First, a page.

DeShawn Days is a memoir that brings DeShawn’s block to life through a series of moving, vibrant poems. This book is a great building block to begin a discussion about family, environment and circumstance with your child. It’s fun and fast-paced and children love the rap-rhythms they find in these pages.
My Chinatown: One Year in Poems by Kam Mak
“Kam Mak grew up in a place of two cultures, one existing within the other. Using extraordinarily beautiful paintings and moving poems, he shares a year of growing up in this small city within a city, which is called Chinatown.”
This book explores ideas of community and culture that exist within all cities. Children will identify similarities to their own community while learning more about Chinese culture. Readers can also explore and experiment by writing poems of their own.
A Song for Bijou by Josh Farrar
“Life for Alex Schrader has never involved girls. He goes to an all-boys prep school and spends most of his time goofing around with his friends. But all that changes the first time he meets Bijou Doucet, a Haitian girl recently relocated to Brooklyn after the earthquake. And he is determined to win her heart. For Bijou, change is the only constant, and she’s surprised every day by how different life is in America, especially when a boy asks her out. Alex quickly learns that there are rules when it comes to girls-both in Haitian culture and with his own friends. And Bijou soon learns that she doesn’t have to let go of her roots to find joy in her new life.”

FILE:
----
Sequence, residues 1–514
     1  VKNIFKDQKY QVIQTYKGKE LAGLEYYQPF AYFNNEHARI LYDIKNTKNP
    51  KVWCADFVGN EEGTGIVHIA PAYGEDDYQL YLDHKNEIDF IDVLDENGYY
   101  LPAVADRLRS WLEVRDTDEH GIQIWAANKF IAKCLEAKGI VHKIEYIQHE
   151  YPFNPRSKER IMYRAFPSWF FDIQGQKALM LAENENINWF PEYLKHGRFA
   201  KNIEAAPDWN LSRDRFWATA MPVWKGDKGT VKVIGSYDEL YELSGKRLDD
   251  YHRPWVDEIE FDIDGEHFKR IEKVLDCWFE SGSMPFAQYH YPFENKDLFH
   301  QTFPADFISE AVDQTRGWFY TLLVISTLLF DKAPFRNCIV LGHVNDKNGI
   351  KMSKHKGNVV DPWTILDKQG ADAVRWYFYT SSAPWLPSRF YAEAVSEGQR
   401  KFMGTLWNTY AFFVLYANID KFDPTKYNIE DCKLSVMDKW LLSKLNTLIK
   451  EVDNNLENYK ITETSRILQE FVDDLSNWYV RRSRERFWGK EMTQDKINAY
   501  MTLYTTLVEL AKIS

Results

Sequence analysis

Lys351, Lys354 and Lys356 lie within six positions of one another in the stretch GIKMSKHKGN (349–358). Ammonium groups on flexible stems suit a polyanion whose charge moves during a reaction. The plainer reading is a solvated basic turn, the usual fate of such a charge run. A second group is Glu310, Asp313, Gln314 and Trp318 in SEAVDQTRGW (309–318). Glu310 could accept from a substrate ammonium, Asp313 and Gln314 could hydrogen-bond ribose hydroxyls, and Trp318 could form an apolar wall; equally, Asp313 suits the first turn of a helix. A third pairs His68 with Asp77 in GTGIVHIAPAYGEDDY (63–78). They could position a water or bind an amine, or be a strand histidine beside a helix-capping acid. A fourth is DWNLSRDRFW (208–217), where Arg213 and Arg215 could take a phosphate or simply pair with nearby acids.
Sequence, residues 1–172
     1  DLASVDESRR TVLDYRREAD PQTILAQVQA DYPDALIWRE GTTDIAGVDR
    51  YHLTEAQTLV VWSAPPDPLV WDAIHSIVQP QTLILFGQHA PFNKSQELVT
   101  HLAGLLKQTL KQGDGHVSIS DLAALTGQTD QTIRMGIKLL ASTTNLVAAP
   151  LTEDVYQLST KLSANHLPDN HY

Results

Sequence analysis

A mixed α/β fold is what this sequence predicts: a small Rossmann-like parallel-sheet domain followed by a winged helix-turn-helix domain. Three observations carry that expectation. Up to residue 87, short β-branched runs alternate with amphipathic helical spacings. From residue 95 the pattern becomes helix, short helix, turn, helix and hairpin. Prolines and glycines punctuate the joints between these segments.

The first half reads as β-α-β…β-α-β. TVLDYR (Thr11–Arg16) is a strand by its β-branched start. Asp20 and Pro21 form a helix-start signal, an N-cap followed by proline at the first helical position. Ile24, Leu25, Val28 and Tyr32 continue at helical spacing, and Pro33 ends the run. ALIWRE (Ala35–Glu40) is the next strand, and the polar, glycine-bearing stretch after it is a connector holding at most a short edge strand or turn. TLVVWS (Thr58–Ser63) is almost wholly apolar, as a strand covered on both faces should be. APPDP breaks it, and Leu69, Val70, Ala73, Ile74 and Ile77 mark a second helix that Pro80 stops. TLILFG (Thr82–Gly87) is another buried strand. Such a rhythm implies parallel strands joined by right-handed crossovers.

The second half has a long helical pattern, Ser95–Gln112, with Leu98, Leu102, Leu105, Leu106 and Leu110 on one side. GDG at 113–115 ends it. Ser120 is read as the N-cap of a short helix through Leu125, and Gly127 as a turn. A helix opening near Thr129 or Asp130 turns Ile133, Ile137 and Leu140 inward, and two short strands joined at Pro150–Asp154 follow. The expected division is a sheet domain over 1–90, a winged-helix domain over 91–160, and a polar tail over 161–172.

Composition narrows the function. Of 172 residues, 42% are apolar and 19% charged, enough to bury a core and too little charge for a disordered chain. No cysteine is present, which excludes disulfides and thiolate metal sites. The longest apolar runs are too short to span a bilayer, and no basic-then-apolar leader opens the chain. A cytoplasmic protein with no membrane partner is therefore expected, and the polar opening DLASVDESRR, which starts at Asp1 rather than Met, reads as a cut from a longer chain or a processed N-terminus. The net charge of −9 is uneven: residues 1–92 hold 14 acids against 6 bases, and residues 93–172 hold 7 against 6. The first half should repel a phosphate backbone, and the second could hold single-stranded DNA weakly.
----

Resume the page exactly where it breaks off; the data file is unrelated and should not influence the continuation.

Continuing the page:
This heartwarming story of first love is a great introduction for middle readers to start talking about feelings and relationships. It also incorporates references to Haitian culture and to the potential social consequences of natural disaster.
Red Pencil by Andrea Davis Pinkney and Shane Evans
“Finally, Amira is twelve. Old enough to wear a toob, old enough for new responsibilities. And maybe old enough to go to school in Nyala – Amira’s one true dream. But life in her peaceful Sudanese village is shattered when the Janjaweed arrive. The terrifying attackers ravage the town and unleash unspeakable horrors. After she loses nearly everything, Amira needs to dig deep within herself to find the strength to make the long journey— on foot— to safety at a refugee camp. Her days are tough at the camp, until the gift of a simple red pencil opens her mind – and all kinds of possibilities.”